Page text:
As I’ve written elsewhere (A One Step Plan to Fully Fund your Campus Ministry), I think that Fellowship Dinners are THE best way to raise money for your college ministry.

But it can be incredibly overwhelming to get the ball rolling on putting on a Dinner.

So where do you start?

The battle is won and lost on getting Table Hosts.

In my first few years I would spend most of my time dreaming, hoping that a few high-capacity donors would come to the dinner.

But in reality, the success of your dinner is really pretty predictable.

2013fd1It’s just like raising personal support. You calculate how much you need to raise and work backwards to figure out how many appointments you need to have and, consequently, how many phone calls you need to make this week.

From what I’ve seen, for every 100 people you have at your dinner, you will raise around $20-25k.

So let’s say your goal is to raise $50k. You’ll need 200 people there.

To get 200 people there, you’ll need 25 table hosts (8 people to a table). To get 25 table hosts you’ll need to ask at least 50 people to be table hosts. On our team, this year we’re asking 150 people to host tables. Our hope is that 60-70 will say yes.

We don’t ask Table Hosts to “buy” a table. We are just asking them to take a step of faith to invite their friends to a visionary evening.


A few practical thoughts on getting table hosts:

  • Convince your team that recruiting new table hosts is a HUGE win for them. Because it is. Our staff LOVE inviting their supporters and friends to the dinner (and to be table hosts) because they walk away passionate fans of Cru.
    • At our dinner I say something like: “All of our staff raise their own funding. I would encourage you to generously give, beyond what you give to the campus tonight, to help fund these very gifted, hard working staff. Please seek out one of these staff tonight if you are interested in giving on a monthly basis to them to make it possible for them to do ministry full time.”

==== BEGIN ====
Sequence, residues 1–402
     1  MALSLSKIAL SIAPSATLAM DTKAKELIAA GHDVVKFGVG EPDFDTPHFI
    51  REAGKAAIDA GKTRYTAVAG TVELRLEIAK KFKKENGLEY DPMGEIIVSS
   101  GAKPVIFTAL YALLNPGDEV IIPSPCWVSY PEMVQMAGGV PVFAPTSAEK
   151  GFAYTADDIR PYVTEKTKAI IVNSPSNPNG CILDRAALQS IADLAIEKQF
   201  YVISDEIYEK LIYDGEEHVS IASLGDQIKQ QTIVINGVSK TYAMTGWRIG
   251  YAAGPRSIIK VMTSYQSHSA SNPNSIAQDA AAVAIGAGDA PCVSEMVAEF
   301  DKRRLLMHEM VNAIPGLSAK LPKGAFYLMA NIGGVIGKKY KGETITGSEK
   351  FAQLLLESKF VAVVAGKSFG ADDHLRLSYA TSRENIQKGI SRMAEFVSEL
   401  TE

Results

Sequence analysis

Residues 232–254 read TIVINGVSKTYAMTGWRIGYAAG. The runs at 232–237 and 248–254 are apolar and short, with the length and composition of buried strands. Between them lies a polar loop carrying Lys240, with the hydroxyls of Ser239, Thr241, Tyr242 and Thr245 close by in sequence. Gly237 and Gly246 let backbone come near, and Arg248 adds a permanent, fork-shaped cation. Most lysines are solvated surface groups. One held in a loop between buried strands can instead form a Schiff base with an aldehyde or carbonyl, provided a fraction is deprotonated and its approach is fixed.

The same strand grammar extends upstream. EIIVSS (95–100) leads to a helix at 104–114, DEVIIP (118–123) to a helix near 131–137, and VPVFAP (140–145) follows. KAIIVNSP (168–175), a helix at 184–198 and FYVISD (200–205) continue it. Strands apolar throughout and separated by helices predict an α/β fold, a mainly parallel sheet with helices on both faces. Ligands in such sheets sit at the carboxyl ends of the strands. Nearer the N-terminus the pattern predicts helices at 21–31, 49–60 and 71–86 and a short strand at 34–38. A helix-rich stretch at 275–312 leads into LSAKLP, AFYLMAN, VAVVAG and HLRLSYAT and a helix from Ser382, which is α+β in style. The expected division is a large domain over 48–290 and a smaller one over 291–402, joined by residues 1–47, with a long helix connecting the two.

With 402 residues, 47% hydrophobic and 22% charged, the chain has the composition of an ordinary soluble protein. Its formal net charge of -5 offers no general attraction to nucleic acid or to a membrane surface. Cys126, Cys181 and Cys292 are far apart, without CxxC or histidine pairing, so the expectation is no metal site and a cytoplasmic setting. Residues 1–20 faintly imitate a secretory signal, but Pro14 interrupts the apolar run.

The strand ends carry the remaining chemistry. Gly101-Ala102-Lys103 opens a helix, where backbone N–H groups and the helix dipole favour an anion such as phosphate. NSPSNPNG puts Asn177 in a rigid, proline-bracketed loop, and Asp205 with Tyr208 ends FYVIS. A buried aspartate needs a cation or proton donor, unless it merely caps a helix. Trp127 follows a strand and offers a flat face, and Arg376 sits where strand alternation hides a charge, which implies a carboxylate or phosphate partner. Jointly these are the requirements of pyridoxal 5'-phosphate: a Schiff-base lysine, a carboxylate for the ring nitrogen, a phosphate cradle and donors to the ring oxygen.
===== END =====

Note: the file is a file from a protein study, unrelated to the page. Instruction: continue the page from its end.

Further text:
• On our team, we ask every staff to recruit 3 new table hosts every year.
    • We pay for our staff to take a potential table host to lunch. Each new table results in about $2,000 being raised. So a lunch is not a bad investment.
  • Click here to see some talking points we use when we sit down to ask new Table Hosts.

We do one thing all year to raise money for our ministry – a Fellowship Dinner. And every year we see God provide abundantly ($50-$75k).

It is a lot of work but I am a firm believer that it is THE best way to fund your ministry (read how one ministry raises over $400k/year).

My hope is that more and more Cru movements around the country begin to have Fellowship Dinners so that they are abundantly funded.

Cru Staff: for more info on how to put on a Dinner email Jim Dempsey who is THE expert (or for details on what we do, leave a comment).


We’ve been blessed by professional Graphic Designers who have produced high quality materials for our last few Dinners and I wanted to share those with anyone that wants to use them:

  Designs are by an Arkansas Cru alum- Kelsea Walkley of

@petit4prints on Twitter

Kelsea has generously donated her talents and design for our Fellowship Dinner and allowed me to share them with you!

From Kelsea:

“If a CRU movement interested in using these designs, they can email me and I will send them a link to download the editable files free of charge (they would have to have someone who knows how to navigate a design software such as illustrator).

If they would prefer that I customize these designs for them (edit text, colors, send them files for printing, etc.), they can contact me for a design estimate.

I am always interested in custom design projects!  Please contact me for a design estimate.”

If you use one of these designs, let me know and I can send you more content if it’s helpful – magnets, powerpoint templates, Silent Auction, name tags, and other assorted signage.

Other assorted Fellowship Dinner items:

A nice looking Powerpoint template and magnet from 2010 made by John Robinson who works for Saatchi X (using a stock image originally from Penn State Cru).

PDF of magnet         Powerpoint Template

Below are my talks from the past few years.

You might be able glean some good quotes, illustrations or ways of structuring vision or “the ask”:




Our Magnet from 2012

“9 years ago we had our first fund raising dinner and raised $24,000.

Last year we raised $230,000”

Like it or not, as a leader one of your chief jobs is to raise money to fund your mission (for more on this read my post Money to Fund the Mission).


And I know of no better way for a para-church ministry to raise money than putting on an annual fund raising dinner.


This upcoming Friday will be our 11th annual Fellowship Dinner.